My first signs of improvement only showed once injury forced a rest, the very well-known "Zatopek Syndrome" explaining why most of the greatest performances in athletics have been set by athletes coming back from involuntary lay-offs. Training too much is more common than the opposite among runners. Where the barrier lies is individual, but few people would gain anything from training above 120km per week. For some the natural limit lies as high as at 260km per week (Noakes).

Suffice it to say, you have to move towards this "natural" limit in increments.

Year Zero
As I'm completing my studies and waiting for my injuries to heal, I am treating the 1st of August as "Year Zero": The day my running starts in earnest. From that day I will focus 100% on mending my injuries permanently and I will put in place my best training program yet, based on Emma' s detailed principles as well as all the knowledge provided to me in the Lore of Running. Anything beyond base conditioning will only resume once the injury is healed.

I will attempt to make use of the experience of our club coaches and the facilities we have (circuits, track course etc.) when suitable, but the training plan will be designed and maintained 100% by myself from now on and I will follow in the footsteps of runners such as Rob Costello in treating myself solely as a scientific experiment, treating every race as a test, and make corrections to my plan whenever there is clear evidence that the body is not responding as it should.

I plan to move my physiological testing to Trinity now that Emma is gone. As she has provided me with the tools to interpret the results, I can now move forward without an Exercise Physiologist, and only need someone to provide me readings every three months that I can use to verify the results of my training.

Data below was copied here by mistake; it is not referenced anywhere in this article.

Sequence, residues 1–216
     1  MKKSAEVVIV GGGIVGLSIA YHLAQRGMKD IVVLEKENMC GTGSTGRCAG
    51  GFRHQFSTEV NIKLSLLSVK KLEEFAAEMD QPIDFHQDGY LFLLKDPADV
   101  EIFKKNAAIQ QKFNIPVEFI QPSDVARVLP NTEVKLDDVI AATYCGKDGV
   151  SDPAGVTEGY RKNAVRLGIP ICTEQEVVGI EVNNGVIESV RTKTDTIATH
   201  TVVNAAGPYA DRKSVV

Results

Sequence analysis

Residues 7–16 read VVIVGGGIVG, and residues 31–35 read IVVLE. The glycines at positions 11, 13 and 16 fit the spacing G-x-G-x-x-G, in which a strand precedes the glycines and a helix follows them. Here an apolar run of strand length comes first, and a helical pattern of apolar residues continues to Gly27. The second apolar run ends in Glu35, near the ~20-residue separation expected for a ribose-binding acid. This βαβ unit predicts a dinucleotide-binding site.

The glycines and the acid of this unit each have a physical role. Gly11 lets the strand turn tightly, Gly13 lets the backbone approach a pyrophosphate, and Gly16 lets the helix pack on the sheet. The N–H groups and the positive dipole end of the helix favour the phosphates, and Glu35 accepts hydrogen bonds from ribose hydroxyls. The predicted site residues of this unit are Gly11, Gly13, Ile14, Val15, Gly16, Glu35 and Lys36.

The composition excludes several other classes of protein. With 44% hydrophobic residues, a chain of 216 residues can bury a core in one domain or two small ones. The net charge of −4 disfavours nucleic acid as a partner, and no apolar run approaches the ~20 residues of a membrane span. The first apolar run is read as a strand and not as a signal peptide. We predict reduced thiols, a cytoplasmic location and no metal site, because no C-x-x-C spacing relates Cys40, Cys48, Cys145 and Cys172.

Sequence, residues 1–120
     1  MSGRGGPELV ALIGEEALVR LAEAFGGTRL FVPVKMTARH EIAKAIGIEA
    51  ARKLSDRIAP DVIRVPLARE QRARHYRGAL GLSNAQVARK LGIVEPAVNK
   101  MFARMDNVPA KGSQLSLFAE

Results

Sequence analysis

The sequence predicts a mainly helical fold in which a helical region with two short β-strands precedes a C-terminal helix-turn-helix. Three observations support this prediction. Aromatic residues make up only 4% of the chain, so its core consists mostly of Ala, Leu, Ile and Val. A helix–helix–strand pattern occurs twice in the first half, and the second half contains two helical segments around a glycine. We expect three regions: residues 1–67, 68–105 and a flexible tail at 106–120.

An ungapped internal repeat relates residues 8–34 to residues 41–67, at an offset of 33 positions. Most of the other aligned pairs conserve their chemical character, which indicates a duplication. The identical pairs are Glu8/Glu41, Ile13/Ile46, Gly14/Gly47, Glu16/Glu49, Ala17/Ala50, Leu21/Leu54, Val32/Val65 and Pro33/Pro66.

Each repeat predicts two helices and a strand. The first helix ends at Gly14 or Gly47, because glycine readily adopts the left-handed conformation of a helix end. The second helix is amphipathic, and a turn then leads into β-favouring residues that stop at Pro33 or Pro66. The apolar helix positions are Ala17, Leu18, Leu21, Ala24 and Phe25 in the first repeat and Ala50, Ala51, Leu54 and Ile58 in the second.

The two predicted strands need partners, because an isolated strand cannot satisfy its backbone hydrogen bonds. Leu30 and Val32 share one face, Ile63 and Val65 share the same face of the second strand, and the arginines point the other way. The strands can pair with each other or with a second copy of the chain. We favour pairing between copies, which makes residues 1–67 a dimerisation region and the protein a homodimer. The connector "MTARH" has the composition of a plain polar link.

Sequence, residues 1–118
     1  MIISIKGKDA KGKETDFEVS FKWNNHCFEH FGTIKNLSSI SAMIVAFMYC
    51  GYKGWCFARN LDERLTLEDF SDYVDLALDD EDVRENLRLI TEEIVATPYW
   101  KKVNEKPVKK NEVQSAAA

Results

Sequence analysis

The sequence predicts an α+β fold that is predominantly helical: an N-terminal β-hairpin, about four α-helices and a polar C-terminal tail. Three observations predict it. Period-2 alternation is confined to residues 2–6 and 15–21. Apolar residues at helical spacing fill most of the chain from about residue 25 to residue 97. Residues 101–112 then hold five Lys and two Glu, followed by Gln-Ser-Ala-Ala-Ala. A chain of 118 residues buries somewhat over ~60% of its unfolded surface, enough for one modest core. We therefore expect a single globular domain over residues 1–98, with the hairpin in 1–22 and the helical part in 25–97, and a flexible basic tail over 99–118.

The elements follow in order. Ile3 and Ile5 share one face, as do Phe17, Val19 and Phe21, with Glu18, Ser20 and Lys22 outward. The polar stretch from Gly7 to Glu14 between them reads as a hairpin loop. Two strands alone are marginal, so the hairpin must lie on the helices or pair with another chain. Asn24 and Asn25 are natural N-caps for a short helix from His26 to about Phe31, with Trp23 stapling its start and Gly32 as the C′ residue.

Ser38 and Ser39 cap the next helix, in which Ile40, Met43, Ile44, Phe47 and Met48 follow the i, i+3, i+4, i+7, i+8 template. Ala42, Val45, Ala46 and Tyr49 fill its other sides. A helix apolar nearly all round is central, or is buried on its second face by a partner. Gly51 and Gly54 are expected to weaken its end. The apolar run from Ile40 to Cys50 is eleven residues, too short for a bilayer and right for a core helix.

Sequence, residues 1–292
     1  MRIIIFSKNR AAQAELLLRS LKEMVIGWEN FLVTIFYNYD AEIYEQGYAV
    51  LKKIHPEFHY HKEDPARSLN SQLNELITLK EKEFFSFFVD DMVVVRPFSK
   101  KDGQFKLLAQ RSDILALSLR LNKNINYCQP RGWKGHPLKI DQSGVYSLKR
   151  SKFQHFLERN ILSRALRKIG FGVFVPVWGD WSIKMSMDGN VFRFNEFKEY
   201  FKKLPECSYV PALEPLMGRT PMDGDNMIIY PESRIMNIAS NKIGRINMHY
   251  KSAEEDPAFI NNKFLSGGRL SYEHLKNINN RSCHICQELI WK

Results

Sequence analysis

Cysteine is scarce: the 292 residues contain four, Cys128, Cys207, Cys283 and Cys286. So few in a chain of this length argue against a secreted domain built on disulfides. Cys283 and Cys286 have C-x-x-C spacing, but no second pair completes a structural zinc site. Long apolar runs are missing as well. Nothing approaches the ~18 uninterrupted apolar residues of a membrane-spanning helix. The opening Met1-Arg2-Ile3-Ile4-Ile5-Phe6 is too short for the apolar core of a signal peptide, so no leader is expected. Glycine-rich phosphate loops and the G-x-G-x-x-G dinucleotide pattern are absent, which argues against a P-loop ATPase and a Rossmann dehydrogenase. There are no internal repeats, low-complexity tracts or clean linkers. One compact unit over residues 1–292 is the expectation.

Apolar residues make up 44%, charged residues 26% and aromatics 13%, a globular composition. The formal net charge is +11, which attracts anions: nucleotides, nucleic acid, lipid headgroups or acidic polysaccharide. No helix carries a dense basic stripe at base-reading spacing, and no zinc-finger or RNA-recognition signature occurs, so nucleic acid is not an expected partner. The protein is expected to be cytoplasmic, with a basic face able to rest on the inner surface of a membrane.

Emma told me she believed next year will be a fruitful one. I hope so, I will definitely put more effort than ever into intelligent training, and will be sharing my training program development here on this blog for those interested.

Science has shown us beyond doubt (Noakes 99) that no athlete has been able to maintain peak performance for longer than 20 years. In most cases, the period is only 15, and quite often remarkable less. When it is less than the 15, the cause is usual chronic over-training and over-racing most famously seen in the case of Alberto Salazar, but maybe more well-known in the perennial failures of Ron Hill.

For the sake of simplicity I assume that all training done in my life so far adds up to 1 year of hard intensive training. This leaves me with 14-19 years.

To be on the safe side, I go with the assumption that I am not genetically capable of handling more than 15 years total, meaning if I keep 01/08/08 as my "Day Zero", then 29/07/2022 becomes my "End Date" at the age of 43.

Beyond this point I will enter a what could be termed the "Declination Zone" which will last from 29/07/2022 to 28/07/2o27 at the age of 49. During the scope of the "Declination Zone" further improvement will be difficult to impossible, beyond 28/07/2027, I can predict with almost 100% accuracy that all improvement will cease permanently. This is powerful knowledge, as it allows me to plan when it is time to move towards different challenges (even in running improvement on speed and endurance is not everything and a perfectly healthy running life can be had beyond these dates).

Any rest years taken during this period are also likely to move the date. A year out through injury may also have the same effect, but it would depend on the nature of the injury. Repeated severe injuries are likely to force an earlier start date for the "Declination Zone".

Some may not prefer to work based on such precise dates (and indeed the exact date is only an abstraction but the decline predicted by science is bound to appear within a few months or years of the predicted dates), but I find it invaluable. I need to know exactly how long I've got, so I can ensure that I plan in the things I want to do before it is too late.